Application of Supercritical CO2 Emulsified Electrolyte in Cathodic Deposition of Metal Oxides

Wednesday, May 14, 2014: 13:40
Nassau, Ground Level (Hilton Orlando Bonnet Creek)
T. F. M. Chang, W. H. Lin (Precision and Intelligence Laboratory, Tokyo Institute of Technology), Y. J. Hsu (Materials Science and Engineering. National Chiao Tung University), T. Sato, and M. Sone (Precision and Intelligence Laboratory, Tokyo Institute of Technology)
Metal oxides, such as TiO2 and ZnO, have been extensively investigated to foster their applications in various technologically important fields. There are many synthetic approaches proposed to fabricate metal oxide thin films. Among the different synthetic routes, electrochemical deposition affords an effective process for production of metal oxide thin films. Properties of the metal oxide films are highly dependent on desorption of gas generated on the surface of cathode, which can affect the pore structure of the porous metal oxide films deposited. Generation rate of hydroxyl ions on the surface of cathode and removal rate of the hydroxyl ions away from the surface of cathode can affect local pH on the surface cathode, which can affect grain size of the metal oxide formed.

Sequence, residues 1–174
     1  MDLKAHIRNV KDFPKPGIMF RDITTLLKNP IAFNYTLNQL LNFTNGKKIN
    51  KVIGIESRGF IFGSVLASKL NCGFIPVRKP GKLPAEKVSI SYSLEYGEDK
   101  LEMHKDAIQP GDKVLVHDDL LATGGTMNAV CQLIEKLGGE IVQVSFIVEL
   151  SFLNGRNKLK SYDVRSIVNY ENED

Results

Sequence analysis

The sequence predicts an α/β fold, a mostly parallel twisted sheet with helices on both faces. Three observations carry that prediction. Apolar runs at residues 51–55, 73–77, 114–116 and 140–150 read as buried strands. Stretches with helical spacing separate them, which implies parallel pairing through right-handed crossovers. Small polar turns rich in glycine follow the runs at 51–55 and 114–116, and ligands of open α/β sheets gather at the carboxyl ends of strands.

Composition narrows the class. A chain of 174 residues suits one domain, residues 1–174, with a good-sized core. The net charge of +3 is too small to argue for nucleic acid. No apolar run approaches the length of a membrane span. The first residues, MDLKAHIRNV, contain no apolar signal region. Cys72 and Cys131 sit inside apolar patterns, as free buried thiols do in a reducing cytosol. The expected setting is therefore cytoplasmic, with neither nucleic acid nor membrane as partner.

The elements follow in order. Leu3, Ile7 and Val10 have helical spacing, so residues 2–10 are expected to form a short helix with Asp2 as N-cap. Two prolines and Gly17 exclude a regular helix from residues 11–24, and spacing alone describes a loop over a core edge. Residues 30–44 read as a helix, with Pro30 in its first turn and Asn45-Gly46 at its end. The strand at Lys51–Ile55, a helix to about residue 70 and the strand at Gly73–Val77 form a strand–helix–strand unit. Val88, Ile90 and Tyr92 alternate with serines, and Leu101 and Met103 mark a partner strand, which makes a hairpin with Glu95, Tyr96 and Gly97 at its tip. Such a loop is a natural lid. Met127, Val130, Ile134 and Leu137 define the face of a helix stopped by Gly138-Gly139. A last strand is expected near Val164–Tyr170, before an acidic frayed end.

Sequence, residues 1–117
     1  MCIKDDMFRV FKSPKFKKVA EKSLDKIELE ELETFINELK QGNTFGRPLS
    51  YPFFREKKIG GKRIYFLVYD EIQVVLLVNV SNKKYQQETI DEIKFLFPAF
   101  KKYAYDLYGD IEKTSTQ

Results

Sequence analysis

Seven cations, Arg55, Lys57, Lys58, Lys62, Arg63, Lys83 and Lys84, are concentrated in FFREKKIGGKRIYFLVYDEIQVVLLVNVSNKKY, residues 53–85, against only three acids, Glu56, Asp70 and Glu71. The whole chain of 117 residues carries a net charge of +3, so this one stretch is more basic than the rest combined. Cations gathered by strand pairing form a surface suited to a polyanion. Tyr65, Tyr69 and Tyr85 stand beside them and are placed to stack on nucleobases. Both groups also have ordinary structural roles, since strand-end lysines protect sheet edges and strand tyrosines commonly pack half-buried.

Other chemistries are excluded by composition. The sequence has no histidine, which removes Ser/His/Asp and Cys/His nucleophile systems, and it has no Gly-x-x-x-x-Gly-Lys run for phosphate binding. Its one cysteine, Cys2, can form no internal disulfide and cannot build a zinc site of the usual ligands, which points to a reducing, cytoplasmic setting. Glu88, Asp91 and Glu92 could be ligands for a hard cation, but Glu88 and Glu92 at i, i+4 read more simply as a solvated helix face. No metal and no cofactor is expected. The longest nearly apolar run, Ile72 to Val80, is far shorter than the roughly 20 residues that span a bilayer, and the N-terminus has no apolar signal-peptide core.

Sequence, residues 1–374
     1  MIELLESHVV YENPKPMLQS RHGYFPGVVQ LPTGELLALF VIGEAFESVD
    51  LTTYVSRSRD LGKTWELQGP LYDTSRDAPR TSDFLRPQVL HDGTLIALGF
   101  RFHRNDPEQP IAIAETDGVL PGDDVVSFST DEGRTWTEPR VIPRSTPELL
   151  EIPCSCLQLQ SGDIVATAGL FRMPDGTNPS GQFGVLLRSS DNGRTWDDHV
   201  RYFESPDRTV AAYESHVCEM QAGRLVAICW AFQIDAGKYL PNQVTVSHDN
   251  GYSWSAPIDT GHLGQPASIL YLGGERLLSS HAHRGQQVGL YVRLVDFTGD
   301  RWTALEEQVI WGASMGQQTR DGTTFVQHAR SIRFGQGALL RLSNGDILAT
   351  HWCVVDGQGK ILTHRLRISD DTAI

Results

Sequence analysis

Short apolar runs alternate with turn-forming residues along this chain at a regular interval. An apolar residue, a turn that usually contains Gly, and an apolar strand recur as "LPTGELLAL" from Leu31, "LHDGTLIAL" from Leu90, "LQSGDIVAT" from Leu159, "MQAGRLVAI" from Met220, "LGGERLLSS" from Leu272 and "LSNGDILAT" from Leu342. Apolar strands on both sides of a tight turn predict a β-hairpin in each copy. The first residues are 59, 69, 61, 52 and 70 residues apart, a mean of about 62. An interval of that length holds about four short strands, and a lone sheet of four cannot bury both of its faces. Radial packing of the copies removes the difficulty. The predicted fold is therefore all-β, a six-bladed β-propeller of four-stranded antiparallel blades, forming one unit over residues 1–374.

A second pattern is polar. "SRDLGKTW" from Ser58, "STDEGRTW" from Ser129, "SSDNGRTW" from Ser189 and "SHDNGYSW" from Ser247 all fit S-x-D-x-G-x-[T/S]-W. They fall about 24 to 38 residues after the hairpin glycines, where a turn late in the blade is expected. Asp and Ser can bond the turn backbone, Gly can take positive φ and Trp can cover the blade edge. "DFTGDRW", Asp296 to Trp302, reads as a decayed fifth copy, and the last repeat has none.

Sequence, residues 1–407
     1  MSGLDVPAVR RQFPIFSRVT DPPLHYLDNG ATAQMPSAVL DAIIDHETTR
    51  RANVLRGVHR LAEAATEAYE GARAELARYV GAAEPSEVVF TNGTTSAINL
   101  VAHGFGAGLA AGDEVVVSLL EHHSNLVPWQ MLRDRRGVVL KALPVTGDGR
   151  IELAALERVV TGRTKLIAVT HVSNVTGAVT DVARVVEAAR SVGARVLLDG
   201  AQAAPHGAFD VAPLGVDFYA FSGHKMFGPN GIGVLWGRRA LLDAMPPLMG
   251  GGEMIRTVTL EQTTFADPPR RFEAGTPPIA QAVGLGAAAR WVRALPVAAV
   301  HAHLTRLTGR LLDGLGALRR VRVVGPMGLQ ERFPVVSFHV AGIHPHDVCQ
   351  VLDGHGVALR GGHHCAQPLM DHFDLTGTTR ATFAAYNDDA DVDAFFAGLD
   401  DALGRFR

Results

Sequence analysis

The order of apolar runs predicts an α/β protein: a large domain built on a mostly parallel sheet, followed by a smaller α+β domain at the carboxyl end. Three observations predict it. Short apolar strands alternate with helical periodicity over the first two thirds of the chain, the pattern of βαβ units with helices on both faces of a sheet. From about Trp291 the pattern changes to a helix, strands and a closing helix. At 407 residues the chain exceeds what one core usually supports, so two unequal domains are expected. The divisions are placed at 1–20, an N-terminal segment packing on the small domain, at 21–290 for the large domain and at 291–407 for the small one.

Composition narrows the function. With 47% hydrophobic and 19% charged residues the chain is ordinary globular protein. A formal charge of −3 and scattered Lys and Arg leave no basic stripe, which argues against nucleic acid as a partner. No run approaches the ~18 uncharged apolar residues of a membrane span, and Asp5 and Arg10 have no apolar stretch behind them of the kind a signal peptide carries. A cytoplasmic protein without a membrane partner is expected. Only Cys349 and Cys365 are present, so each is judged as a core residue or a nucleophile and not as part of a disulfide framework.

Supercritical CO2 (sc-CO2) emulsified electrolyte (SCE) is known to be effective in affecting desorption rate of gas formed on the surface of cathode, and influence transfer efficiency of reactive species to the surface of cathode. Therefore, properties of the TiO2 and ZnO thin films are expected to be influenced by the properties of the emulsion.  

In this work, a sc-CO2-assisted galvanostatic cathodic deposition process is developed for preparation of TiO2 and ZnO thin films with high structural uniformity. TiO2 and ZnO are deposited cathodically on a conductive substrate in a two-compartment cell under a fixed current density, in which platinum foil is employed as the counter electrode. Influences of sc-CO2 and reaction pressure on the crystal growth of TiO2 and ZnO thin films were investigated. The present synthetic approach could be further extended to obtain other metal oxide thin films such as SnO2, CuO, NiO and so on.